Most first drafts are wordy—and that’s okay, because your goal in the beginning is simply to turn a story into sentences on a page. But when you’re rewriting and editing that final draft, each word must prove its worth.
Words are your tools and you want them to perform at the highest level. The problem with verbosity, vague word choice and generalizations is they distance the reader from your characters. The closer your reader gets to your character, the more likely she is to connect emotionally, and emotional connection is what a novel is all about. You want your reader to feel what the character feels.
Janet Burroway in her book, Writing Fiction, coined the term “filtering,” and she describes it as “a common fault and often difficult to recognize—although once the principle is grasped, cutting away filters is an easy means to more vivid writing. As a fiction writer you will often be working through ‘some observing consciousness.’ Yet when you step back and ask readers to observe the observer–to look at rather than through the character–you start to tell, not show and rip us briefly out of the scene.”
Phrases such as “I thought,” “I heard,” “I saw,” and “I felt” are examples of filtering phrases. I prefer to call them “distancing words” because they increase the psychic space between the reader and the story by having the narrator rather than the reader experience the event. They also slow the pace. Most of the time, you can delete these words and let the rest of the sentence stand or make it more active.
Look at the difference:
—I heard his head hit the floor.
--His head hit the floor with a thud.
The first sentence conveys the information through the narrator. The second sentence puts the reader into the scene so she can hear the sound.
Here’s another example:
—I need this, he thought.
—He needed this.
Sometimes you can go directly into the character’s head and write, “I really need this,” but it must work with the flow of the text.
Your goal should be to close the “aesthetic distance,” that space between the reader’s conscious reality and the illusory world. If the reader is so emotionally engaged with the novel that he’s unaware of the outside world, a clumsy or confusing sentence (the sort you have to read several times to understand the meaning) can jolt the reader right out of the fictional dimension. Occasionally, a novel, movie or television program will intentionally violate the aesthetic distance by speaking directly to the reader. Kevin Spacey’s character often does that in “House of Cards.” William Goldman repeatedly interrupts his story and speaks to the reader in his meta-fictional novel, The Princess Bride: S. Morgenstern's Classic Tale of True Love and High Adventure.
Here are a few tips on closing the aesthetic distance in your manuscript:
1. Avoid verbosity. For example, “He didn’t know how to lead in these circumstances,” rather than “It occurred to me that he didn’t know how to lead in these circumstances.”
2. Avoid “–ing words.” For example, “He sat…” instead of “He was sitting…”
3. Avoid “that” unless it makes the sentence clumsy. For example, “How did you know I like yellow roses?” instead of “How did you know that I like yellow roses?” You can use a global search to find the unnecessary “thats” in your manuscript.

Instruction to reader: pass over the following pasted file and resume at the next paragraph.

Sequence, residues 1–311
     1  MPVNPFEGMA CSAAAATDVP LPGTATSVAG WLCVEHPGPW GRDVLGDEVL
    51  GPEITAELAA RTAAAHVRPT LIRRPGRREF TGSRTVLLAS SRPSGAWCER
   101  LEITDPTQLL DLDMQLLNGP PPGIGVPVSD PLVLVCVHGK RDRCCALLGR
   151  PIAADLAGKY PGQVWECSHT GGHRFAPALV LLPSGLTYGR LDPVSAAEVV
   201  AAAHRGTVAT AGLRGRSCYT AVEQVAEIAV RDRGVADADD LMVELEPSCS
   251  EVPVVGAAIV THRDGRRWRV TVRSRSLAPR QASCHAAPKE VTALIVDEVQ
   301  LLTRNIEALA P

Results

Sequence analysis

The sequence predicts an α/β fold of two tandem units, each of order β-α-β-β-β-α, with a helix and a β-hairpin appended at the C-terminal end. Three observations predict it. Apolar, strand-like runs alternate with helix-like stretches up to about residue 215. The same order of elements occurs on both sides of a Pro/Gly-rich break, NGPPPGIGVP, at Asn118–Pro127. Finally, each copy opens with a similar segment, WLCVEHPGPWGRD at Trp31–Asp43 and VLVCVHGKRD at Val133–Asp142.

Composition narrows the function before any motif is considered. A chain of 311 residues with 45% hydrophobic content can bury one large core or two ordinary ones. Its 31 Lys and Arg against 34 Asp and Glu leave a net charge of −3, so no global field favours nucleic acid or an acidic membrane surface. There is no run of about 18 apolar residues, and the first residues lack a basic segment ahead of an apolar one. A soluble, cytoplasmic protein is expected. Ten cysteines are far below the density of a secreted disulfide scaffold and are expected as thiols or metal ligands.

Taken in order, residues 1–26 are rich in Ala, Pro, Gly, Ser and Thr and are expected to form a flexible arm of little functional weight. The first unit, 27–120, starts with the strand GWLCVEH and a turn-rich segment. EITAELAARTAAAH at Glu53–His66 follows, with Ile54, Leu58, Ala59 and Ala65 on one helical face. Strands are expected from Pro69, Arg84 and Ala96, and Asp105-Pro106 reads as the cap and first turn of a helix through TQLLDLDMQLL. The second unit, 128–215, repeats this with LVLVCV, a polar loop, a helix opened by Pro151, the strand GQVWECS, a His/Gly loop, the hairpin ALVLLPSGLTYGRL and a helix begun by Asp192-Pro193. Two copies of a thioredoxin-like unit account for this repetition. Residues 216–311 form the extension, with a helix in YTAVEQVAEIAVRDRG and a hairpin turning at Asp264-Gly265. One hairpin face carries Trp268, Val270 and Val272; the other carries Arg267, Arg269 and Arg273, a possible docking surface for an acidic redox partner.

4. Use abstract words judiciously. Avoid ones like “nice,” “beautiful” and “good.” Show us what makes something nice, beautiful or good.
5. Be specific. Use a Dodge Ram rather than a truck, a Yankees baseball cap rather than a hat.
6. Use words that evoke sensory feelings. Make the house green so the reader can visualize it. Let him hear the “thud” when someone’s head hits the floor rather than learn about it through the narrator. Let him smell the smoke from the fire.
7. Avoid repetition and redundancy not only in words but also in ideas. Beginning writers sometimes use different language to repeat the same thought—apparently, just to make sure the reader got it.
8. Short sentences are more direct and intense whereas long sentences increase the distance between the reader and the story.
If you would like to read a novel that illustrates these principles, check out All the Light We Cannot See by Anthony Doerr. Here’s an excerpt from the Pulitzer Prize winner:
“She can hear the bombers when they are three miles away. A mounting static. The hum inside a seashell.
When she opens the bedroom window, the noise of the airplanes becomes louder. Otherwise, the night is dreadfully silent: no engines, no voice, no clatter. No sirens. No footfalls on the cobbles. Not even gulls. Just a high tide, one block away and six stories below, lapping at the base of the city walls.
And something else.
Something rattling softly, very close. She eases open the left-hand shutter and runs her fingers up the slats of the right. A piece of paper has lodged there.
She holds it to her nose. It smells of fresh ink. Gasoline, maybe. The paper is crisp; it has not been outside long.”
Note the way Doerr uses sensory details and creates tension through sentence fragments, the threat of bomber airplanes, the night’s dreadful silence and the strange, odoriferous piece of paper. One might argue the first sentence should say, “The bombers sound about three miles away,” but I’ll suggest that after I win a Pulitzer Prize. The rest of the passage shows Anthony Doerr knows how to close the distance.
Try it on your own manuscript.